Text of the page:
I recently read a blog that I did not completely agree with, but it really got me thinking. The subject of the blog was about how Christians today overuse the word blessed, and while I did agree with many of the author’s points, the article left me with a very unsettled feeling due to the fact that the writer stated point blank that this is a word that “Christians should remove from their vocabulary”. Now this might have just been a use of hyperbole in order to attract attention and get more readers, but I can’t swallow the statement that we should remove a word from our vocabulary that was used so often by our Savior. In fact, the 6 Greek words that I found in Strong’s Concordance as meaning blessed (some translated as happy, praised, bless, blessing) are used over 100 times in the New Testament alone!
YES, I do believe that our pop-culture of today has taken this word (or actually words) and twisted it into a meaning that often does not glorify God, and is sometimes even used as an excuse to brag (we’ve all seen the #blessed posts that are really more like a “look what I have/did” than  a “Praise God!”). However, the word blessed is NOT a bad word and in fact is very rich with meaning and something we should all use, albeit in the correct way and with understanding. I’ve been doing some digging into the original meaning and usage of the word to get a better understanding for myself and thought that perhaps the 4 or 5 people who actually read my blog might enjoy reading it as well.
Makarios (Strong’s 3107) – receiving God’s favor, fortunate, in a position of favor, happy (feelings associated with receiving God’s favor)
This word is an adjective found in 49 verses in the NT, including Matthew 5 (blessed are the poor, meek, etc.). It is also interpreted in some scriptures as happy, such as John 13:17 (if ye know these things, happy are ye if ye do them). It seems to me that this word is the one that perhaps causes the most controversy. There are some verses that really seem to be synonymous with the “happy” part of the definition and “happy” could fit very well when reading the verses to explain the meaning of the text. There are, however, several places where it is clearly talking about receiving God’s favor. One thing to clarify is that “receiving God’s favor” is not like being granted wishes by a magical being. God does not reward his servants by making them rich or granting their every whim. We know that he makes his sun to rise on the evil and the good, and sends rain on the just and on the unjust (Matthew 5:45), and the Bible is full of examples of righteous people who have endured great suffering. God does show his favor to His people and blesses them with the presence of His Spirit (“draw near to God and he will draw near to you” James 4:8).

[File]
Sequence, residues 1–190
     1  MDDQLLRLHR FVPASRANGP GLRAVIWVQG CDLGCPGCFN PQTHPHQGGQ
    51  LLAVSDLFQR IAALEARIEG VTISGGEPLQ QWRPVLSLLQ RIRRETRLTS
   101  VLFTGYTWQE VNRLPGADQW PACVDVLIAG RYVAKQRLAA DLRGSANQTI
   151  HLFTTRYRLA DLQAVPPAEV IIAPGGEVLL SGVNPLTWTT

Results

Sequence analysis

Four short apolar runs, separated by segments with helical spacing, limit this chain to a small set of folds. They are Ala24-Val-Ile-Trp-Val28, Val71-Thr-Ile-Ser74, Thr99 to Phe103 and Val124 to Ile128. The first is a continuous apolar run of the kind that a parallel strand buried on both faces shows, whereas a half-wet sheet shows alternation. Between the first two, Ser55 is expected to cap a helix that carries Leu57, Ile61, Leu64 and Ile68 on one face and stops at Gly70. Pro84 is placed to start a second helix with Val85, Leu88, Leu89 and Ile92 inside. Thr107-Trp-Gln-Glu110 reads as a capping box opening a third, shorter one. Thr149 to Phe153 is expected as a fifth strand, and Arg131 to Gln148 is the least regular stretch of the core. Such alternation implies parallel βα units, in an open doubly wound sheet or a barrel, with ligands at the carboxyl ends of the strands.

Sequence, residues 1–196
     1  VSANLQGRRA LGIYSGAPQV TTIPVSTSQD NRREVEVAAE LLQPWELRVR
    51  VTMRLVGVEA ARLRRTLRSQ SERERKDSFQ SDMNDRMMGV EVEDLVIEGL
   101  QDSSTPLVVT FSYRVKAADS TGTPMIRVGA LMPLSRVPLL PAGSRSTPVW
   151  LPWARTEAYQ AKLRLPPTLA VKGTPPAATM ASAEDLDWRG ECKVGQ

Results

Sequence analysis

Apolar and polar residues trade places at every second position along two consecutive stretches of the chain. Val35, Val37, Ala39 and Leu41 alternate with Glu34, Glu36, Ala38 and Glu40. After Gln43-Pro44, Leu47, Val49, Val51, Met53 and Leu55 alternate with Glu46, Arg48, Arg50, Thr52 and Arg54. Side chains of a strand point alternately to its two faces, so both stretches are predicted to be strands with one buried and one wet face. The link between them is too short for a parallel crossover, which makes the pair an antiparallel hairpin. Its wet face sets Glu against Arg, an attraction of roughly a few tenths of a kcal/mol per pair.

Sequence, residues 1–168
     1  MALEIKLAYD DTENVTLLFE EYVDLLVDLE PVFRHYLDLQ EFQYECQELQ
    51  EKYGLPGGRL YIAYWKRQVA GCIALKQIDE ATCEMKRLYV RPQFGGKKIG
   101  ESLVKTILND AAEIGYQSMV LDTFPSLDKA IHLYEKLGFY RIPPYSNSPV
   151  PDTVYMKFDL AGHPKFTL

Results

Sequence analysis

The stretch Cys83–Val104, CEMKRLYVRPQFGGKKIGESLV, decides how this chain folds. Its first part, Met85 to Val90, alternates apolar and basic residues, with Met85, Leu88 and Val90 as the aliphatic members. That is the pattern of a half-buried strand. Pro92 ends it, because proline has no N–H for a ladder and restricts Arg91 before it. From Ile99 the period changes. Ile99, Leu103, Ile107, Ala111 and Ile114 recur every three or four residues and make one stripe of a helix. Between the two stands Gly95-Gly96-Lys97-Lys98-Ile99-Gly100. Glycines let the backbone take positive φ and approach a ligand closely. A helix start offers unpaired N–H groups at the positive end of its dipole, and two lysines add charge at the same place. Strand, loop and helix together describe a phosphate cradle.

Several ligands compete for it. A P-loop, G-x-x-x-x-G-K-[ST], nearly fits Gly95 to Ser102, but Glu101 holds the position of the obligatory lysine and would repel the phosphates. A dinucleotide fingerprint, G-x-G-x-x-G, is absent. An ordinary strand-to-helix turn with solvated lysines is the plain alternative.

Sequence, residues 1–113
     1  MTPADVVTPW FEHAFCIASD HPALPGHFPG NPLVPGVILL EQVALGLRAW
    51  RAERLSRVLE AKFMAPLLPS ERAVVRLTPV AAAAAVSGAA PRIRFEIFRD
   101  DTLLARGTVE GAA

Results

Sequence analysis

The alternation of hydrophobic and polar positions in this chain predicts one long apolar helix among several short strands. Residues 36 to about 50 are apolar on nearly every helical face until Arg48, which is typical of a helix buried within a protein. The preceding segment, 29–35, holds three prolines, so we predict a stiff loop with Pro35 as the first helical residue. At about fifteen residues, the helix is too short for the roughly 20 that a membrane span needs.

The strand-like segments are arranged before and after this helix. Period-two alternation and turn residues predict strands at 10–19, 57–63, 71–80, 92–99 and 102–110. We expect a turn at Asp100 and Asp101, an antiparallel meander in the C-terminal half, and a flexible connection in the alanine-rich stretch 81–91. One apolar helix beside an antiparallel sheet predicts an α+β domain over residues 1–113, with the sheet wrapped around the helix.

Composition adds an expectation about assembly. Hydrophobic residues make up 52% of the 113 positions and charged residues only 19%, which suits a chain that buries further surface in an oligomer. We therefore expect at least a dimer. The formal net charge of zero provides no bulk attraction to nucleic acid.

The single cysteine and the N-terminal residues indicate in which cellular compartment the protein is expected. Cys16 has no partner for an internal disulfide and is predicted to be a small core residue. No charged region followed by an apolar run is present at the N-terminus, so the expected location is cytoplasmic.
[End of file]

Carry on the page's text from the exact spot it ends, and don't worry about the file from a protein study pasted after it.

But blessed are your eyes, for they see: and your ears, for they hear. For verily I say unto you, That many prophets and righteous men have desired to see, and have not seen them; and to hear those things which ye hear, and have not heard them.” Matthew 13:16-17
Saying, Blessed are they whose iniquities are forgiven, and whose sins are covered. Blessed is the man to whom the Lord will not impute sin.” Romans 4:7-8